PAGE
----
One of the long-ago studlent who shared his first Australiam lessons was Ian Hamilton, still good friend and companion more than 50 years later.
Chris’ mother and the rest of the Hatgis family finally reached Australia in the early 1950's, and they too, worked in the Waratah, then in its original site on the eastem side of Prince street, near the St George corner.

Later Chris’ widowed grand­mother Manoucia, migrated from Greece, and came to live with the family for some years before her death.

“At that time nearly all the cafes in Grafton were owned by Greek families,” recalls Chris. “It was quite a close commu­nity.” The cafes were Langleys, the Waratah, Peter Theodores, Bernard’s Popular Cafe, Notaras’s Marble Bar and Moulos’s fish shop. Then there was the Simple Simon delicatessen and Harrison’s cake shop, which also did meals. They were all busy from nine in the morning, until late at night.

His father taught him to cook. “I couldn’t boil water when I arrived.” says Chris. Chris loved his years working in and later running the Waratah. “You met a lot of people, the farmers would come in for lunch in the old days and they liked a bit of a chat,” he says. “You found out everything that was going on.”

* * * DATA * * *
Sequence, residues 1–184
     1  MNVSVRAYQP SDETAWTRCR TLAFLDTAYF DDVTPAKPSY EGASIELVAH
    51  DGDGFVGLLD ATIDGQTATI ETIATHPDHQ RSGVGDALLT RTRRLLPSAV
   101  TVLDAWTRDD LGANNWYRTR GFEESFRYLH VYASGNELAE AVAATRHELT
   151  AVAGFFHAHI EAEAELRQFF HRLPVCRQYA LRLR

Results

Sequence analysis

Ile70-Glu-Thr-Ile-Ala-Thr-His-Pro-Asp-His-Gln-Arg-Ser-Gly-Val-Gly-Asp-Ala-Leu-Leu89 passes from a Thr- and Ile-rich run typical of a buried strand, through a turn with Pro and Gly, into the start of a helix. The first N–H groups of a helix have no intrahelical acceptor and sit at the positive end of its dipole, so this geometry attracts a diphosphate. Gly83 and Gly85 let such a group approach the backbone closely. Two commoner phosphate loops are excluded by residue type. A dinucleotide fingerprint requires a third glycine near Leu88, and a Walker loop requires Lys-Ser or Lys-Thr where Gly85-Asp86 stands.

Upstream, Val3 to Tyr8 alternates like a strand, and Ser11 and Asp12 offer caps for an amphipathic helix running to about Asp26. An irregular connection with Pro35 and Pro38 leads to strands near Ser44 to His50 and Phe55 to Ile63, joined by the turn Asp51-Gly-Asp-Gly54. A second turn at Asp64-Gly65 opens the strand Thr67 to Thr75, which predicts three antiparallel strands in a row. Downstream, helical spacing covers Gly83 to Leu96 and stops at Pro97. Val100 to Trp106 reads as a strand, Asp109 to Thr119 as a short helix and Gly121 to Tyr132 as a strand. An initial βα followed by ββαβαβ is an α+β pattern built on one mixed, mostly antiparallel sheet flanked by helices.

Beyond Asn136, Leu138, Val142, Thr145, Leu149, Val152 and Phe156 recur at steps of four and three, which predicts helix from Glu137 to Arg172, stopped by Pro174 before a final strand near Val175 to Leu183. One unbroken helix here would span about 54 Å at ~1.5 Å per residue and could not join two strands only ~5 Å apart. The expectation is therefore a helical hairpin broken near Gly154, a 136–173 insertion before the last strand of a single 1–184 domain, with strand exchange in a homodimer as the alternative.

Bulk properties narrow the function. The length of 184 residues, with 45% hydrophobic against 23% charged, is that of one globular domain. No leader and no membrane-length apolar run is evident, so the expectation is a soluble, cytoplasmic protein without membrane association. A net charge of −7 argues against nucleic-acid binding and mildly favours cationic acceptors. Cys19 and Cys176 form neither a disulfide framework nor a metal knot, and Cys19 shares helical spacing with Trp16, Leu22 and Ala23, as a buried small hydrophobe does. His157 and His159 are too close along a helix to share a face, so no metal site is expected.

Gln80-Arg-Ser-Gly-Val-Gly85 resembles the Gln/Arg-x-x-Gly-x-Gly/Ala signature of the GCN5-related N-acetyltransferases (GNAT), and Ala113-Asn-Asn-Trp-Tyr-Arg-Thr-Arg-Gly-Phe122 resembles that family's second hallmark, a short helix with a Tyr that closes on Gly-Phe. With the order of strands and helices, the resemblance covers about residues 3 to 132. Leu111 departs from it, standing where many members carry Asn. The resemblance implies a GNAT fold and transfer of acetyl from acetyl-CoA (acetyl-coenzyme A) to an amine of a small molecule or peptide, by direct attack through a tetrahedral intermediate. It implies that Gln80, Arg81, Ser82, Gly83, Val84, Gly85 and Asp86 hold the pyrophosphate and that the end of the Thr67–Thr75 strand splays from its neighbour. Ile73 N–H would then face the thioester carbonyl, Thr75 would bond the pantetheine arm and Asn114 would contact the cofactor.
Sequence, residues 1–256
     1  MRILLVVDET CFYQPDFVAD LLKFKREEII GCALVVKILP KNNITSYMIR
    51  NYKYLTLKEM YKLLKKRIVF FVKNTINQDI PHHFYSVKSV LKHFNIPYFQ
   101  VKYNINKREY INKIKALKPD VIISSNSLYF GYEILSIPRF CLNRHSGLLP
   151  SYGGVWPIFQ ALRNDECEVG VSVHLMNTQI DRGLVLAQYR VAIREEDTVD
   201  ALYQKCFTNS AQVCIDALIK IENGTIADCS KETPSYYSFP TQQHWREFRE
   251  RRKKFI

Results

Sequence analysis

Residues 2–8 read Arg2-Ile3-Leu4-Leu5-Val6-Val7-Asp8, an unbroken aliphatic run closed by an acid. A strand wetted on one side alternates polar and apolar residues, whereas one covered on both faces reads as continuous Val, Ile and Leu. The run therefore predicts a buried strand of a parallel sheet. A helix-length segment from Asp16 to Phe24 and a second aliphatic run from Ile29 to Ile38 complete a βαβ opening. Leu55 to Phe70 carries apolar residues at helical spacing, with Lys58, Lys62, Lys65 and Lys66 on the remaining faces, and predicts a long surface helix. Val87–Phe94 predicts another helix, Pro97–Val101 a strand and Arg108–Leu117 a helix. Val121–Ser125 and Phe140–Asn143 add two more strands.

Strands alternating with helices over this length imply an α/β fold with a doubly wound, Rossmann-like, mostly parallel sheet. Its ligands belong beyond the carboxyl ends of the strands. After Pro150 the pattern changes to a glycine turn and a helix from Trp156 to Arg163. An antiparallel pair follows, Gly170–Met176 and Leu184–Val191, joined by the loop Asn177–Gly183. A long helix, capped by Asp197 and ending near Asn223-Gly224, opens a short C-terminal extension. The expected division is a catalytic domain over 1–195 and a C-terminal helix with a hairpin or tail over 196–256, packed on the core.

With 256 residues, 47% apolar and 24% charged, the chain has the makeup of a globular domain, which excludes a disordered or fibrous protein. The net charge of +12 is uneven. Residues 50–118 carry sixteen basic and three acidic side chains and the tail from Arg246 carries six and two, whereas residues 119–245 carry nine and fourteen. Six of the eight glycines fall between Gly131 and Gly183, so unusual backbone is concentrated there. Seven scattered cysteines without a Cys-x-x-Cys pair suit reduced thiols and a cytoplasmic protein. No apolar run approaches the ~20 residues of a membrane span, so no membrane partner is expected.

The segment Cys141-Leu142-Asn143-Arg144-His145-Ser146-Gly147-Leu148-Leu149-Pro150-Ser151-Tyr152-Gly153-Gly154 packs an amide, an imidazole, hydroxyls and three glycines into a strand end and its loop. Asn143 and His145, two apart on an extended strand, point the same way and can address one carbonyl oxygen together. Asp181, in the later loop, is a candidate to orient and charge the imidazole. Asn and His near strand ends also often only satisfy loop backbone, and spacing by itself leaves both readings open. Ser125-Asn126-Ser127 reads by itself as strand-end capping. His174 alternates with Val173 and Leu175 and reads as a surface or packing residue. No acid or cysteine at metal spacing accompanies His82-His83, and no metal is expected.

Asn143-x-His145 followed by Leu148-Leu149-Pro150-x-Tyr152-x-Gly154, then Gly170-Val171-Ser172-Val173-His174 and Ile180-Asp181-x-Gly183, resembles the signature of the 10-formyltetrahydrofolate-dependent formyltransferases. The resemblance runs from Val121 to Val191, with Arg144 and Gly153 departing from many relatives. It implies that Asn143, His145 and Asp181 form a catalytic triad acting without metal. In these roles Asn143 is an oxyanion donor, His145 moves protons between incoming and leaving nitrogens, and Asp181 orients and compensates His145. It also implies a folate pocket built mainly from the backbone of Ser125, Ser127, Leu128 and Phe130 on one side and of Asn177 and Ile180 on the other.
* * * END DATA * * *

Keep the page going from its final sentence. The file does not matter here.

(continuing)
Chris met his wife Joan (nee Morrissey) at a dance in the Grafton Barn in 1956, and they mar­ried in 1960. Joan, formerly a Telecom telephonist, and Chris have three sons, John, Michael and Paul, all living in the Clarence Valley.

The Waratah moved to new premises on the western side of Prince Street in the early 1960s, then further towards the clock tower in 1987. Chris and Joan final­ly closed the business and retired in early 2002.

Louis Hatgis died in 1973, still actively working in the cafe, and his widow died earlier this year (2003).

Chris was to learn a different kind of cooking when he did national service and trained as an army cook - the only career he might have been willing to swap
for running a restaurant.